These pics are of the largest pecan tree in our county. It hasn’t produced pecans for at least 5 years, but we got enough rain this time around.
But now the concern is that this many pecans may cause the limbs to bend under the weight. If the limbs can’t handle the pressure, they will snap, or even worse, the trunk may split.
With luck, this will just be a bountiful season, nothing more.
My brick wall for the month of July is Mary Jane Tomlinson.
Mary Jane was born in Tennessee in 1822, married Samuel S. McCleary in 1839, and died in Fannin County, Texas, in 1901.
Or maybe not. We don’t really know much about Mary Jane, or at least her parentage.
My Travel Buddy’s aunt, who did extensive genealogy decades before personal computers arrived, always claimed that Richard Tomlinson of North Carolina was her father. This Richard Tomlinson married Nancy Waddill, and was from the Quaker community in North Carolina. This branch is originally from Ireland, and has flourished for many generations in North Carolina.
The facts seem to fit, but in the end, it is only strong circumstantial evidence that points to Richard, or at least this particular Richard, as being Mary Jane’s father.
Eventually, we will probably just have to accept this family line as fact without definitive proof. But because I like to tie up all the loose ends, I really would like to put this issue to rest for all time.
What kind of proof could there be? We have not located a will. The census at the time of Richard’s death (1831) does not spell out the family members. What should we be looking for that will definitively prove Mary Jane’s parentage?
I invite your thoughts and comments.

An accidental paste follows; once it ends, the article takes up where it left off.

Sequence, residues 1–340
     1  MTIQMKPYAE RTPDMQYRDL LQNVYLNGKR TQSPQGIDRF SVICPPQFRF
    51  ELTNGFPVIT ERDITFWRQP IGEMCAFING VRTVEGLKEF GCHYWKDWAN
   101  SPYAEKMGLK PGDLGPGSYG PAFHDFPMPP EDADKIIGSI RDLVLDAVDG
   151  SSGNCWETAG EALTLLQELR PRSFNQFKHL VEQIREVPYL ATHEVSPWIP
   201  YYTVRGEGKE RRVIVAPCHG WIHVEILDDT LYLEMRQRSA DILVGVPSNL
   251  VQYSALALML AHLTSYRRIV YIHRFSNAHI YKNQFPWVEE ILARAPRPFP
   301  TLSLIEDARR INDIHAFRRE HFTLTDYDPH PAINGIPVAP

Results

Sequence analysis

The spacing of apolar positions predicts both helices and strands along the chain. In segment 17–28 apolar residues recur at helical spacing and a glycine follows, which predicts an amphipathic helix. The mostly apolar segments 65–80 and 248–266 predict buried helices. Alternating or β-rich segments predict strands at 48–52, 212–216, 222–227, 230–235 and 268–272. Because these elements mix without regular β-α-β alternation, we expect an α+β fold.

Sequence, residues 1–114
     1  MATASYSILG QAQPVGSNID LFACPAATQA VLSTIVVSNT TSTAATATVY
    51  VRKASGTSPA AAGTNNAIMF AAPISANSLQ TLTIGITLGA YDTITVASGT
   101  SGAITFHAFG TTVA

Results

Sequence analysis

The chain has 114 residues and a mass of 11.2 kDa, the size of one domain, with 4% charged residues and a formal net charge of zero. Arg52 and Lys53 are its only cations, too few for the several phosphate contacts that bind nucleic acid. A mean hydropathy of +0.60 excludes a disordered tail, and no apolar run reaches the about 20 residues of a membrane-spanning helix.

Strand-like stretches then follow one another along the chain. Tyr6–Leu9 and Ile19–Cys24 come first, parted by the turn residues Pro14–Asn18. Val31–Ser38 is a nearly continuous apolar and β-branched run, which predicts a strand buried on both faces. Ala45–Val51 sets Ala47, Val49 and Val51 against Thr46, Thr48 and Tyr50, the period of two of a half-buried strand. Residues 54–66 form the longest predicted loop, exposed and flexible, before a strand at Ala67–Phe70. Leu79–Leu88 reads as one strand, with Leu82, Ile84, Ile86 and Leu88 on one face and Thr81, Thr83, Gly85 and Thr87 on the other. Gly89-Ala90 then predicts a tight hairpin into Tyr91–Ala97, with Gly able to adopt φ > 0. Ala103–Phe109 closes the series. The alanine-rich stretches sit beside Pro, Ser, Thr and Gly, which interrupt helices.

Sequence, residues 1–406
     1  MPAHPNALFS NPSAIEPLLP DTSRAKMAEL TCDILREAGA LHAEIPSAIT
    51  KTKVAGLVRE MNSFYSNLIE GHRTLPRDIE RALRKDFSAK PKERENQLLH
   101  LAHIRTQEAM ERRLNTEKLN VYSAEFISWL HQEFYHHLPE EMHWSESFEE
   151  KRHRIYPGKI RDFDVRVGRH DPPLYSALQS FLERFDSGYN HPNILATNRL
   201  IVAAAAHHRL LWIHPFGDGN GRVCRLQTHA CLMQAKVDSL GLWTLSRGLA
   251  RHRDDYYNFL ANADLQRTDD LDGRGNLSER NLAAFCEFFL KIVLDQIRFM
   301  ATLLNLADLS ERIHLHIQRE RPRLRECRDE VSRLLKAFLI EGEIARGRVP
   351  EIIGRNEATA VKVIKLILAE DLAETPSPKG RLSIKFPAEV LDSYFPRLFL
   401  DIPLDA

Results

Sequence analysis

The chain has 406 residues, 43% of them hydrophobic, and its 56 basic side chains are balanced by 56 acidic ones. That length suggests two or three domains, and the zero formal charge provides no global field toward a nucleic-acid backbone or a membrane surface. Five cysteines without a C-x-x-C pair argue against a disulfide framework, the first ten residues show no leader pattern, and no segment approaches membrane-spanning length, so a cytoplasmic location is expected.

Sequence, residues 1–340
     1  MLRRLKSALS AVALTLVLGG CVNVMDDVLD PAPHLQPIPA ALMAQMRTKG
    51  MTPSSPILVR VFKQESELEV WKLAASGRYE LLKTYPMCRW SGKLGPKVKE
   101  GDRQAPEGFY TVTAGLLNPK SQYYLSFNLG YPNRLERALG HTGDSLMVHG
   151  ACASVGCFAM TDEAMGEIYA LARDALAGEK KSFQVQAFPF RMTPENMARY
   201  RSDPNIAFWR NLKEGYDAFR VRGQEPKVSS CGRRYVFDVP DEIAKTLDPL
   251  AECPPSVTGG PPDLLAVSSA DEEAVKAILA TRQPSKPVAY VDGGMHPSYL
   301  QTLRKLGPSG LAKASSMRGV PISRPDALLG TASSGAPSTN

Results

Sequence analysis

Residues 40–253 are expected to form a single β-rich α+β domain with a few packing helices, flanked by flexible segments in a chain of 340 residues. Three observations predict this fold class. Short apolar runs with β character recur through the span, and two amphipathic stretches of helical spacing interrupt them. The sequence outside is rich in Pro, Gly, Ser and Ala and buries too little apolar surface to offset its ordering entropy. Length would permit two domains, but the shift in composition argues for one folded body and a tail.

The Dutoi family came to America about 1700. They were Huguenots, looking for a safe place to live. The English settlers on the James River disliked the French-speaking newcomers, so pushed them to the west of Richmond, hoping the local Indians would wipe them out. Instead, the Huguenots flourished, trading with the Indians on a regular basis.
The Dutoi family, from Geneva, Switzerland, were one of the founders of that Huguenot town on the James River: Manakin Town. Pierre Dutoi had a daughter, Marianne, who married Christoffe DuBreuil, from Lagny, France.
Later on, when the Huguenots wanted to assimilate into Virginia easier, they changed their names to more “acceptable” forms. Thus, Dutoi became Dutoy, DuBreuil became Dibrell, and Benin became Benning.
Any Dibrells in America are descended from these DuBreuil and Dutoi lines.
This is my Travel Buddy’s line. If you would like to get in touch with Travel Buddy, let me know.
Esperanza in bloom. They started a couple of weeks ago (late June, early July) and will bloom through November. Vivid yellowish gold flowers.
Russian Orthodox Church – Hollywood
Hollywood sign – view from Griffith Park Observatory
This is an update to the post Doyle Family Genealogy I, published on April 7, 2013. When I figure out how to link to the first post, I will do so here.
This is information I was able to gather from visiting the Crawfordsville, Scott County, Indiana area during the summer of 2013.
What I’m looking for is more information on Farmer Doyle, senior. I located an obituary for a Farmer Doyle, dated March 17, 1883, in the Saturday Evening Journal, but this was more than likely Farmer’s son, Farmer.
I am much more of the opinion that Farmer Doyle, Sr. died in Kentucky, probably still in Shelby County. So far I have not found evidence for this, but I haven’t found evidence against it, either.
The Doyle family line is proving to be a tough nut to crack, but I’ll keep looking…eventually the right clue will turn up.